4 Foam Rolling Exercises for Newbies

Aches and pains are common when you're training. But that doesn't mean you have to live with them.

A foam roller, when used correctly, can massage away those aches in just 10 minutes a day.

Foam rolling is a form of self-myofascial release (SMR) stretching technique, which helps reduce muscle pain, corrects imbalances, increases range of motion, and prevents injury. Using tools like a foam roller improves blood circulation and breaks up scar tissue, relieving stiffness and soreness.

Roll your pains away with these four common foam-rolling exercises

Low Back and Traps

Lie on the floor face up and place the foam roller at the base of your spine. Apply pressure onto the roller as you work it from the base of your spine to just below the rib cage. Then, maneuver it from the base of the ribs to the upper back, spending extra time on areas that are particularly tight.

More: 4 Spine Lengthening Yoga Poses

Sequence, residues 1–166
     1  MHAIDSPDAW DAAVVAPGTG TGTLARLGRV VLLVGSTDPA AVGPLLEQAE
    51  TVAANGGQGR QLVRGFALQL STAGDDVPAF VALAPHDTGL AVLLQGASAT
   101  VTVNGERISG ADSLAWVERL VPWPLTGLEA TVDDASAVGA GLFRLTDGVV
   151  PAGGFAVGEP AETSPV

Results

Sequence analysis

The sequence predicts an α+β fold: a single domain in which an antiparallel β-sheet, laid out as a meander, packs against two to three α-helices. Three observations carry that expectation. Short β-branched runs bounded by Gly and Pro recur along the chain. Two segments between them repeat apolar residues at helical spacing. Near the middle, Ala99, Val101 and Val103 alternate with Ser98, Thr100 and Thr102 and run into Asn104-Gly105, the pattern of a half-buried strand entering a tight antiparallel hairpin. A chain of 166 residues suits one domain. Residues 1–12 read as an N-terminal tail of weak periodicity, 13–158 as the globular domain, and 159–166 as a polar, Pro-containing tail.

Lats

As you wrap up rolling your upper back, turn onto your right side allowing the roller to work its way into your lat. Work from the armpit down, stopping at trigger points along the way. It's also a good idea to rock laterally, back and forth, to target trouble spots.

More: 4 Exercises to Sculpt Your Back

IT Band

Tightening in the Iliotibial band, or IT band, can cause a great deal of pain in the knee. Many people mistakenly assume the pain is originating from the knee, when in reality the IT band, which runs along the side of the leg from the knee to your pelvis, is causing the discomfort.

Combat this condition by using the foam roller to massage the IT band. Lying on your side, place the foam roller right above the knee and roll from the knee to your hip and back down. Like the lats, it's also possible to work the roller laterally to target specific pain points.

More: 2 Exercises to Beat IT-Band Pain

Calves

Running and other physical activity can cause overuse injuries that leave the calves in shambles. Break up scar tissue and deposits by placing the foam roller on your calf. Before applying pressure, lift your body up while pressing into the roller. Turn your leg to the right and left to target the lateral and anterior areas of the calf.

When it comes to foam rolling, a little bit goes a long way. If you have time, spend about 8 to 10 minutes on each body part before moving on to the next. If you're crunched for time, give yourself 10 minutes a day. It may be painful at first, but eventually the soreness will subside.

More: Chisel Your Calves

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